effort of solving checkers "is to never underestimate the advances in

See also[edit]

     * Shannon number (a calculation of the lower bound of the game-tree
       complexity of chess)
     * First-move advantage in chess


    1. ^ Allis, V. (1994). "PhD thesis: Searching for Solutions in Games
       and Artificial Intelligence" (PDF). Department of Computer Science.
       University of Limburg. Retrieved 2012-07-14.
    2. ^ "Lomonosov Tablebases". Retrieved 2013-04-24.
    3. ^ "Who wins from this puzzle?" A mate-in-546 chess position, with
       discussion (Post 1: Position, Post 7: Playable).
    4. ^ ^a ^b ^c Shannon, C. (March 1950). "Programming a Computer for
       Playing Chess" (PDF). Philosophical Magazine. 7. 41 (314). Archived
       (PDF) from the original on 2010-07-06. Retrieved 2008-06-27.
    5. ^ Mhalla, Mehdi; Prost, Frederic (2013-07-26). "Gardner's Minichess
       Variant is solved". arXiv:1307.7118 [cs.GT].
    6. ^ Watkins, Mark. "Losing Chess: 1. e3 wins for White" (PDF).
    7. ^ Aviezri Fraenkel; D. Lichtenstein (1981), "Computing a perfect
       strategy for n *n chess requires time exponential in n", J. Combin.
       Theory Ser. A, 31 (2): 199-214, doi:10.1016/0097-3165(81)90016-9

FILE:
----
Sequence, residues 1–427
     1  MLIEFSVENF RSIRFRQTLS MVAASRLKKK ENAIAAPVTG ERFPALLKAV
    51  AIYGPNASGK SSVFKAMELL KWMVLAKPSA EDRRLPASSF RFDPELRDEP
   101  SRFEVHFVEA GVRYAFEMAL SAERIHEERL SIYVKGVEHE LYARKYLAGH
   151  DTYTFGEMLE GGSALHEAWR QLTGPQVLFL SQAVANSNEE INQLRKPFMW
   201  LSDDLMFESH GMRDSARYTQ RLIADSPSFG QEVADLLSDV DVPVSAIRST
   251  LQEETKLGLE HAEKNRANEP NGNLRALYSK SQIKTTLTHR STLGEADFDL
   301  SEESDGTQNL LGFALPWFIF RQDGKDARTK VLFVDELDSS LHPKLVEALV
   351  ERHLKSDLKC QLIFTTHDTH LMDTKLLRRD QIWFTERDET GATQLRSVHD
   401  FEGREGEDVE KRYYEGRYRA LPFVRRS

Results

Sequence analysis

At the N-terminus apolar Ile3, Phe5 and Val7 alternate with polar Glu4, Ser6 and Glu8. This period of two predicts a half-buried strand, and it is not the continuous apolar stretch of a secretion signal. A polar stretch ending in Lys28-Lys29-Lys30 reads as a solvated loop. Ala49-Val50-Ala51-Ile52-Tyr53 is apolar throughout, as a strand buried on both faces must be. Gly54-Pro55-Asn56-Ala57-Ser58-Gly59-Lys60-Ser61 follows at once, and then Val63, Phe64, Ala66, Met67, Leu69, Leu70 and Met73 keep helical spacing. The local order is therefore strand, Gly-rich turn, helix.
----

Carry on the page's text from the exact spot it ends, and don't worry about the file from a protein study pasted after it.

8. ^ John Tromp (2021). "Chess Position Ranking". GitHub.
    9. ^ http://www.chessgames.com Magnus Carlsen vs Viswanathlan Anand,
       King's Indian Attack: Double Fianchetto (A07), 1/2-1/2, 16 moves.
   10. ^ Bremermann, H.J. (1965). "Quantum Noise and Information". Proc.
       5th Berkeley Symp. Math. Statistics and Probability. Archived from
       the original on 2001-05-27.
   11. ^ Schaeffer, Jonathan; Burch, Neil; Bjoernsson, Yngvi; et al. (14
       September 2007). "Checkers Is Solved". Science. 317 (5844):
       1518-1522. Bibcode:2007Sci...317.1518S.
       doi:10.1126/science.1144079. PMID 17641166.
       S2CID 10274228.(subscription required)
   12. ^ Sreedhar, Suhas. "Checkers, Solved!". Spectrum.ieee.org. Archived
       from the original on 2009-03-25. Retrieved 2009-03-21.